Address poverty and vulnerability and their structural causes
Disaster-related risks come not only from direct exposure to natural hazards, such as droughts or hurricanes, but also from the vulnerability of social and economic systems to the effects of these hazards. Addressing the symptoms and causes of social and economic vulnerability is therefore critical for reducing poverty, promoting development, and reducing the severity of disasters.
While those managing disaster risk recognise that equitable access to land, money, information, health care, education and decision-making are all crucial for reducing disaster risk (see priority area 4 of the Hyogo Framework for Action), few have been able to tackle the causes of vulnerability through their work. Climate change is now making this task even more difficult, as it is exacerbating vulnerability by hampering people’s access to water resources, reducing agricultural yields, changing patterns of disease, and increasing disasters risk (IPCC 2007).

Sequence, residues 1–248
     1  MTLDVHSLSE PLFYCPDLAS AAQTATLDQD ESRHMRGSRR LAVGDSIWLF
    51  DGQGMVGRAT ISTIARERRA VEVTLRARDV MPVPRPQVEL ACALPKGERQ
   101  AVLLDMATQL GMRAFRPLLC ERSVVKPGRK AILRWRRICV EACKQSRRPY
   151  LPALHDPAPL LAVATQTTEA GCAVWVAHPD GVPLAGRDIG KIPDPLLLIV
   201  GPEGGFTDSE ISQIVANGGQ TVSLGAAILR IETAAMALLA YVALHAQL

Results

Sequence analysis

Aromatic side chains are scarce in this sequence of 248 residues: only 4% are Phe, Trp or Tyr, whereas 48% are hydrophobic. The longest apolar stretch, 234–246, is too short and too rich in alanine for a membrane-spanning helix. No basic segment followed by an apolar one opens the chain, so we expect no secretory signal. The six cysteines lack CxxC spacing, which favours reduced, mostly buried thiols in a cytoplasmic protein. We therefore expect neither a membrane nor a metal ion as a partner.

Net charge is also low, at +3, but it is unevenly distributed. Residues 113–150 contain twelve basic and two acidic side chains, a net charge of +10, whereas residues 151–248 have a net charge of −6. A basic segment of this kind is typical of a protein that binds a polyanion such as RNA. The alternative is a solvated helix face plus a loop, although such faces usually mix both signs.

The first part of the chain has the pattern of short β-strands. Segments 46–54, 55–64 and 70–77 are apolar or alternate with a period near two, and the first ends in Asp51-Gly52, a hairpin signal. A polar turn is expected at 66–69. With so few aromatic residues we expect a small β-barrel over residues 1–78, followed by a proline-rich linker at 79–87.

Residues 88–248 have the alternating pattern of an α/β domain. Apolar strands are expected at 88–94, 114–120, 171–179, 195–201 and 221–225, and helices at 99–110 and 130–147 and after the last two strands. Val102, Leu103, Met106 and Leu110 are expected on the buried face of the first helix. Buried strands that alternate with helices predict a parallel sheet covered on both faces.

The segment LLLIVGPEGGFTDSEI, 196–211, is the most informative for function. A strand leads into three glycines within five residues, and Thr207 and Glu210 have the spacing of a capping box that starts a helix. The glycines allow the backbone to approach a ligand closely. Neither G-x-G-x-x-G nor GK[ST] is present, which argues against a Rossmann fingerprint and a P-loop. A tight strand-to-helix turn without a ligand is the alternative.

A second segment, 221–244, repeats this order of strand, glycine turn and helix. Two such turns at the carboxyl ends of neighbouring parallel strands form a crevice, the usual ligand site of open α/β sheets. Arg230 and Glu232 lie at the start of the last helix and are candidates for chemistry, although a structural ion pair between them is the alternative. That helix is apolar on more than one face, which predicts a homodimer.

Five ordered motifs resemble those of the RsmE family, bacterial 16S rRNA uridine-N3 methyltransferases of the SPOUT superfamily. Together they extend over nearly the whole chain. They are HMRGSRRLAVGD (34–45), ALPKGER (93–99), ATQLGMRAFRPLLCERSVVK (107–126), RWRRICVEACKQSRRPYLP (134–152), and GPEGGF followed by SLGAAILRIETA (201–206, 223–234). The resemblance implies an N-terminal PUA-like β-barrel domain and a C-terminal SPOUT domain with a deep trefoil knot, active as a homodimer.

While it is not the responsibility of disaster risk managers to solve all these problems, climate smart risk managers will ensure effective partners with other development factors to simultaneously tackle the drivers of vulnerability, and promote disaster risk-reducing actions. At the very least, disaster risk management interventions must not inadvertently increase vulnerability. An important aspect of this involves ensuring that interventions do not add to the problem of climate change (one of the drivers of vulnerability) by emitting unnecessary greenhouse gases or degrading local ecosystems when other – more climate-friendly – options are available. Of course, such decisions will likely involve trade-offs, but disaster risk managers will need to conduct more climate-sensitive environmental impact assessments as part of their routine approach to planning.